It is our opinion that the Chamber of Deputies is considering proposals to modify 157/1992 not on the basis of an objective, juridical, or even of a scientific, appraisal, but rather as a result of pressure being brought to bear by the hunting fraternity.

Furthermore, as an example of the serious state of institutional confusion that obtains, at the same time as the Agriculture Commission is debating the 10 proposals to modify the law, the Government (the Ministry for Agricultural Policy in particular) is drawing up, together with the hunting associations, a general policy law, which would override and render irrelevant the work of the Commission. For these reasons, but also because of the vital importance of the causes we are defending, LIPU , together with other organisations, has announced its disquiet and has requested the Commission to put on record a statement listing our objections.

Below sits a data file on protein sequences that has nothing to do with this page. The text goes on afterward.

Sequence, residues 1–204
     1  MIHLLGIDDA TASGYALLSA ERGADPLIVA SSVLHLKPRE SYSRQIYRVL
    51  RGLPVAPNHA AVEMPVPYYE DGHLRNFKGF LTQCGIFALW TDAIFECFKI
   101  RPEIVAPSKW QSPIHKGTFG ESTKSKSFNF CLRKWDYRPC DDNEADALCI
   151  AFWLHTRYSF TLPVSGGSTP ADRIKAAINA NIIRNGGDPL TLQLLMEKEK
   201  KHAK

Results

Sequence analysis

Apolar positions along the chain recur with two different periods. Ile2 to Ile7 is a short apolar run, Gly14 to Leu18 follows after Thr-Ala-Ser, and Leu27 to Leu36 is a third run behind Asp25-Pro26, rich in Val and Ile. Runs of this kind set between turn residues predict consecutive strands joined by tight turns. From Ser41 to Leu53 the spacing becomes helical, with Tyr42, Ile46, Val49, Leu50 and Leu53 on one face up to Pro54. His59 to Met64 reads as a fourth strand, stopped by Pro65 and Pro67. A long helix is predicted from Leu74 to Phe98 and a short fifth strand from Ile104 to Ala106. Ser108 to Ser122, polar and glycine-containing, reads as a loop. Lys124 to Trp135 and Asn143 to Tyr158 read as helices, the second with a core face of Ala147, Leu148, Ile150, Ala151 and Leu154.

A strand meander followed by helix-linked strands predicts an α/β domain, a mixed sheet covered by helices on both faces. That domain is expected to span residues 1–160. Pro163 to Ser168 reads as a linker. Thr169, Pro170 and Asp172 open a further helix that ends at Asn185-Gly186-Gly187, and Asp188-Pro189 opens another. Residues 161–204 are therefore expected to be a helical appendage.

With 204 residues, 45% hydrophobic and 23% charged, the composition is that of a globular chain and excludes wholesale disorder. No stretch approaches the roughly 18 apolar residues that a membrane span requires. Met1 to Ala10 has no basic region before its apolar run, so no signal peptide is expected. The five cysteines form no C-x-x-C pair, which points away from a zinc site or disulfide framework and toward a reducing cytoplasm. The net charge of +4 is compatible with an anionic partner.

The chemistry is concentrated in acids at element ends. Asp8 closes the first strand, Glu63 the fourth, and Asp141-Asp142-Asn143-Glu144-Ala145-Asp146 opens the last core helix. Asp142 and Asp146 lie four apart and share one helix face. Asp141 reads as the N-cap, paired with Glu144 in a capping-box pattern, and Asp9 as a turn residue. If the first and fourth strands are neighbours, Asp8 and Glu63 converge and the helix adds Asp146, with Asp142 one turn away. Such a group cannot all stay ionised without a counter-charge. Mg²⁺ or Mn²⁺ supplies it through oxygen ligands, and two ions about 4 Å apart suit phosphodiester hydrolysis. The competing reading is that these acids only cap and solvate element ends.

by Mauro Canziani, Project White Stork

An important result after 18 years of work by the society within home territory

2002 was an important year for the White Stork in Italy. During the last breeding season in fact, LIPU's reporting network enabled us to establish that for the first time since it became extinct nationally in the seventeenth century, there were more than 100 nests present in 11 regions.

In 2002 nesting was recorded in Puglia, after an isolated attempt in 1999, in Calabria after a five year absence, and in Sardinia. In Puglia it took place in the vicinity of Daunia Risi, an important wetland area of the Gargano National Park. The pair nested at a relatively low height, on top of a pile of hay bales, and successfully reared two young. In early March this year they returned and amazingly built a nest once more on top of the hay!